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What’s the difference between a birder and a birdwatcher?

Birdwatchers “like birds, and maybe notice birds…but they’re not really going out birding much, if at all,” said Brandy Bowmaster, one of the hosts of the Grand Birds show on KZMU Radio.

A birder “is going to some effort to go to some places and specifically look for birds outside of their home,” she said.

According to Glenn Kincaid, the other host of the show: “A birder is a rabid birdwatcher that will proactively go places and look for birds.”

Kincaid and Bowmaster were brought together by Serah Mead, the station manager at KZMU, after both had the idea for a local birding podcast separately. Grand Birds started in early September 2021 and, next week, they’ll host the 25th episode.

“We joined forces, and it’s worked out really well,” Kincaid said. He’s been watching birds since he was a child, he said, but only started rabidly paying attention to birds about 12 years ago at his home in Castle Valley. What really sparked his passion was a vacation he took to various places around the world—it was then that he noticed the different birds in each location, and started trying to find them.

The birding community in Moab and Grand County is fairly small, Kincaid said. The core group of enthusiasts mostly stems from the Moab Bird Club, but Bowmaster said part of the reason why she enjoys doing the podcast is the idea that she can get more people involved in birding, especially younger people.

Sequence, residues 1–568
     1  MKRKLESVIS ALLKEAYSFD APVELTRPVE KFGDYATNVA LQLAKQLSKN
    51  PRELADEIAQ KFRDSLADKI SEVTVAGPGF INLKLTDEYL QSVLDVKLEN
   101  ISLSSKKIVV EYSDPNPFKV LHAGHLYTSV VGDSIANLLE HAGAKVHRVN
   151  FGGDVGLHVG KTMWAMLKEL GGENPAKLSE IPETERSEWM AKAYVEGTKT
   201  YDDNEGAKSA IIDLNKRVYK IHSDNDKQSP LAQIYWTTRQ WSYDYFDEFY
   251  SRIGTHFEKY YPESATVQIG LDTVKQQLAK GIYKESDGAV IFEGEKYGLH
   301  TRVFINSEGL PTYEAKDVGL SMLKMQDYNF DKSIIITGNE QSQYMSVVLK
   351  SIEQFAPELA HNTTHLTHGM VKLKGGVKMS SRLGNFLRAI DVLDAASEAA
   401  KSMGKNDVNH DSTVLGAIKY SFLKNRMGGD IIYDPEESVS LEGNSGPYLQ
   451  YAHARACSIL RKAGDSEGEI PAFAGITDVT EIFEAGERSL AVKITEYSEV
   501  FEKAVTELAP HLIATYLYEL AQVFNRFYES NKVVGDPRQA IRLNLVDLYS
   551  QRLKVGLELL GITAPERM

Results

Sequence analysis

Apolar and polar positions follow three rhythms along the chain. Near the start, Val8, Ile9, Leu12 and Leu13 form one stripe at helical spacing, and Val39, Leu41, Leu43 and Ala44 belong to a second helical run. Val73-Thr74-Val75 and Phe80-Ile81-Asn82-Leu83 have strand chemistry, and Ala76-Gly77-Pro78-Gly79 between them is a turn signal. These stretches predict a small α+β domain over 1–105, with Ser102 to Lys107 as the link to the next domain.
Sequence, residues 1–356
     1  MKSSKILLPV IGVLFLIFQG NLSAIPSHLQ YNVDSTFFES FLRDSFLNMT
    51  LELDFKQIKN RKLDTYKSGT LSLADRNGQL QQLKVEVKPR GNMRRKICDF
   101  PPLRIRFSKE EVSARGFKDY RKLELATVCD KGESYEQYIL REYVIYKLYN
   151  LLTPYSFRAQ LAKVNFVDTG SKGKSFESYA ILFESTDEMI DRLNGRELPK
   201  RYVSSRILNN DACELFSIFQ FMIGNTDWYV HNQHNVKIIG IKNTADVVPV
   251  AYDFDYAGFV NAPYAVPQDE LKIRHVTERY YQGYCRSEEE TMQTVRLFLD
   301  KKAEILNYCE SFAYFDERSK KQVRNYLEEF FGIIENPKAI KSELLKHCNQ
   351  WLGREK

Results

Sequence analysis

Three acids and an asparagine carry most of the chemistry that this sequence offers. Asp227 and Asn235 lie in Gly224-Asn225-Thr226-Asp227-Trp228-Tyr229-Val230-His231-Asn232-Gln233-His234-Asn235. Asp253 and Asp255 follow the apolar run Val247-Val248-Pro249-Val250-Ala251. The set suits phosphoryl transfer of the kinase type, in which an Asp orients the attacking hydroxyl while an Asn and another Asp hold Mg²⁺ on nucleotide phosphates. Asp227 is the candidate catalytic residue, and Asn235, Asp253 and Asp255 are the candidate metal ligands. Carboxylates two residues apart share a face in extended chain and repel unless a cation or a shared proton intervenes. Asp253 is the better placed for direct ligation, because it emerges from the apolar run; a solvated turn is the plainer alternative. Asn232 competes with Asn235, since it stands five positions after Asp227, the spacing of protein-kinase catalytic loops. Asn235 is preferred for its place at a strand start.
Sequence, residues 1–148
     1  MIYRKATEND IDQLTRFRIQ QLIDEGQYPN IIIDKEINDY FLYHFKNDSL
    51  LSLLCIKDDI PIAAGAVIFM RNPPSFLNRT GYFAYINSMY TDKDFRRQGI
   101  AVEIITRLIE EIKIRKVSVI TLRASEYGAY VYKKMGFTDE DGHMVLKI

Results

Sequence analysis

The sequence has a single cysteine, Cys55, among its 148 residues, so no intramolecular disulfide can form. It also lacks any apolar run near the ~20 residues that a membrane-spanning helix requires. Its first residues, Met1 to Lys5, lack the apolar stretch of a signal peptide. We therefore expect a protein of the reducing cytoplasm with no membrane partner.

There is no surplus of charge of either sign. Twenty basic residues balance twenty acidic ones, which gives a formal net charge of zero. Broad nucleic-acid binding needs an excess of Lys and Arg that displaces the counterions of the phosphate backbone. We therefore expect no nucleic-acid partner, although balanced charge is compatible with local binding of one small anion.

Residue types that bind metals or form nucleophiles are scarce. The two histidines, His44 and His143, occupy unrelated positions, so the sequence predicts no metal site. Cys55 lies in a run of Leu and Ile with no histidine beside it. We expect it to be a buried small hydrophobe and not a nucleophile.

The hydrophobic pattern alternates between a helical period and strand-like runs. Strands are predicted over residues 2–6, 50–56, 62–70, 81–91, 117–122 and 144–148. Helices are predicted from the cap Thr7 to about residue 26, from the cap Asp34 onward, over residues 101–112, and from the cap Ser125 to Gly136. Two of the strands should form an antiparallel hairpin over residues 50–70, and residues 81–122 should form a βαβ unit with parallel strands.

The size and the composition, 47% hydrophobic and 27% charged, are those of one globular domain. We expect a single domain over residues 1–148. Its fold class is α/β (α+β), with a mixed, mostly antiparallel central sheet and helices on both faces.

“I really love birds, I find them super fascinating,” Bowmaster said. “And I love to talk about them. It seems like there’s a lot of people that don’t really know that much about birds, and [the show] seems like such a great way to share some cool information, and get people a little interested.”

Bowmaster participated in the annual Christmas Bird Count, held on Dec. 18, 2021. The Christmas Bird Count is a nationwide event started in 1900 by the Audubon Society—basically, birding groups around the country will use the day to walk around and count the birds they see. The Moab numbers are still being tallied by members of the Moab Bird Club, but Bowmaster said her group, which counted birds on the east side of town, found that last year’s bird count was quieter than usual—though the group did see a few sharp-shinned hawks.

One of the other reasons Bowmaster is involved in the show is to get more people interested in bird conservation, she said. She’s found that in the birding world, birders are reporting quieter and quieter years. In 2019, a study found that since the 1970s, 2.9 billion birds have been lost in North America alone due to factors including pollution, habitat destruction and climate change.

“Birds are actually really in trouble right now,” she said. “We need all the people we can get who want to do what they can to help them.”

This winter, Bowmaster and Kincaid said to look out for winter waterfowl and for rosy-finches, who nest in high alpine environments but move downslope in the winter to avoid heavy snowstorms.

“I really appreciate the birding in the winter season because it’s a really good opportunity to get really accustomed to what’s around and familiar with the soundscape,” Bowmaster said. “And then whenever the birds start to come back in the spring, it’s super apparent.”

As the Grand Birds show continues on, Kincaid said he’s looking forward to telling more local birders’ stories.

“We’ll continue to explore our mix of reports from the field and talking with local birders or scientists involved in ecology or biology,” Kincaid said. “There are more people out there that we’d like to chat with, and bring their story to the public.”

The show airs on KZMU radio (90.1 and 106.7 FM) on Fridays at 11:50 a.m. and can also be found on Soundcloud and Apple Podcasts.